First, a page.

Claire - I don't do a lot of horror and the horror I am doing is more established authors . I just bought a Ramsey Campbell I'm loving to pieces called, "The Kind Folk".

Wil - What about dark fantasy ? Where do you think the lines are drawn between dark fantasy and horror?

Claire - That's a good question. You can have elements in dark fantasy, that you wouldn't have in horror. One of the things that appeals to me in horror, and I do read quiet a lot of horror, is the ambiguity. Some of the best horror is where you are left wondering. Is this all in the guys head ? or in fact a ghost, a possession, or is he off his nut and it's a serial killer. With dark fantasy it's not as ambiguous. With horror you can kinda of play around.

Horror, which was very big in the 80's and 90's, you can have splatter punk. A lot of blood and guts and thunder, but horror can be very cerebral as well.  Fantasy can be cerebral, but I often think it's a little more straight forward.

Wil -Yeah, and some of the cerebral element got added from people who take influence from Hp Lovecraft. What elements do you think make for great epic fantasy?

 Claire - World building and more of a sense of scale. The difference between regular fantasy and epic fantasy is it's all about the journey, but with epic fantasy so much more is at stake. I don't know if you have ever watched the Kevin Smith Clerks movie, but there is a scene where Randall is working at a fast food place. He's a Star Wars fan and he gets into with a Tolkien fan. The Tolkien fan says,"No, No Star Wars is this silly little thing."  Randall says "This is the Lord of the Rings...and we're walking and walking and walking. Book two and we're walking and we're walking and we're walking. Three and we're walking and we drop the ring in."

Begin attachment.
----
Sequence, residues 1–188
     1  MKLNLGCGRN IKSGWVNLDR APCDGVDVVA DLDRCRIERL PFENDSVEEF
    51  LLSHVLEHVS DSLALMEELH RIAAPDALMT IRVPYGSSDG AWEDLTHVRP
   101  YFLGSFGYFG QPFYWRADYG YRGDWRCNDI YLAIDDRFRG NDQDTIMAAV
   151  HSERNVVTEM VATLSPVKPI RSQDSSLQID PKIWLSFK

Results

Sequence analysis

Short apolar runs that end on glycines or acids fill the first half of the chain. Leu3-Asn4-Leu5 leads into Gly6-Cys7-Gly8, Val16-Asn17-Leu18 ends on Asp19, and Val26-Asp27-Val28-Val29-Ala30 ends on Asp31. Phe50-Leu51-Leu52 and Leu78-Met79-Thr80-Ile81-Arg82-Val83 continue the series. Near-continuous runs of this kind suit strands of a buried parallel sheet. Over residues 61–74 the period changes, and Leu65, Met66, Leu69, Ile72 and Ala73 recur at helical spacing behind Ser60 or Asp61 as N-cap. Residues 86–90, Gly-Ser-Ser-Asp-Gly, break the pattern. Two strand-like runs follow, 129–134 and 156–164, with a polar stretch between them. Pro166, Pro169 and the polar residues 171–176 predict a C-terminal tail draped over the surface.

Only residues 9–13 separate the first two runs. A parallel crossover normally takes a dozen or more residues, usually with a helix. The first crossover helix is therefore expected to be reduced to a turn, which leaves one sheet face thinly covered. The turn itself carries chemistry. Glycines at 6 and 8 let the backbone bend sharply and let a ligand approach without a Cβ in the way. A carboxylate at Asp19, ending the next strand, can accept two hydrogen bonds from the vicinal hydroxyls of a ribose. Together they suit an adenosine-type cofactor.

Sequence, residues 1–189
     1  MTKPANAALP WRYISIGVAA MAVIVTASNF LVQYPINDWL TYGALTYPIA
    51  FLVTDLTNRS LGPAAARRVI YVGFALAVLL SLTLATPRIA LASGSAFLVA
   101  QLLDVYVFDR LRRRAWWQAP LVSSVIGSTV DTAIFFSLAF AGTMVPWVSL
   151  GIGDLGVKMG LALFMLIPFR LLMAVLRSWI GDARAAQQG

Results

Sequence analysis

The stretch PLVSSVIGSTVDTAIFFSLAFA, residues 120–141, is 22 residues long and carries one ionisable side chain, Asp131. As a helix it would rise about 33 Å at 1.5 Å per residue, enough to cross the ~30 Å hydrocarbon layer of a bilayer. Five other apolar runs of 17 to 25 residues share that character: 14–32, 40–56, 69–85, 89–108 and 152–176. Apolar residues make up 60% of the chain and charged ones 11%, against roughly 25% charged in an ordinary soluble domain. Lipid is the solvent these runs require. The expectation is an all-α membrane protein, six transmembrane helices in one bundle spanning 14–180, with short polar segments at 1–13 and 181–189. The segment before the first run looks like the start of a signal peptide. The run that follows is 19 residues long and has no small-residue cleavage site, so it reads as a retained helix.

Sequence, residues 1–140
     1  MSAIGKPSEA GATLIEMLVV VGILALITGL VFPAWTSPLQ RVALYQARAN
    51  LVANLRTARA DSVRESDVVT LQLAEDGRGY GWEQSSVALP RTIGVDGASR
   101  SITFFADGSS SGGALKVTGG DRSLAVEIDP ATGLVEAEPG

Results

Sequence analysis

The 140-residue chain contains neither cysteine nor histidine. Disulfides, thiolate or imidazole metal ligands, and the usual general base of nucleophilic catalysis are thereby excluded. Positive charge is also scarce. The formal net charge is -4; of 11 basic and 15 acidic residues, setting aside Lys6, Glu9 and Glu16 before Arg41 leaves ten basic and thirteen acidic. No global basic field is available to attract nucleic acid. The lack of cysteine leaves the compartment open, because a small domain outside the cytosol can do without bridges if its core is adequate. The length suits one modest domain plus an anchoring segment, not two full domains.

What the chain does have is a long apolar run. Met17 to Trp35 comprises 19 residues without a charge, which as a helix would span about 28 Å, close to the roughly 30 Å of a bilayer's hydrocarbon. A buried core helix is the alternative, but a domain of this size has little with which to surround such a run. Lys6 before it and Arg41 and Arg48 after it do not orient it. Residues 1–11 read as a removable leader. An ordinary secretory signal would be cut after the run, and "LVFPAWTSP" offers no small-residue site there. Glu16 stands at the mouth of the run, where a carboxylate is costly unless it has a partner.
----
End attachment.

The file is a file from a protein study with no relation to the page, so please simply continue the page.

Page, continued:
Yeah, but there's all the other stuff, there's the clash between the various cultures, the whole rise of the human genome, the political battle between that. At one point Tolkien even gets the p.o.v of one of the orcs, this poor grunt. You've got the elves who are failing and fading and their time is ending. It's a great big epic sweep. Some people gravitate towards Aragon and some people will gravitate towards Frodo, there is something in it for every one. You may be wedded more to one particular storyline but you are along for the whole ride. Its lush and complicated.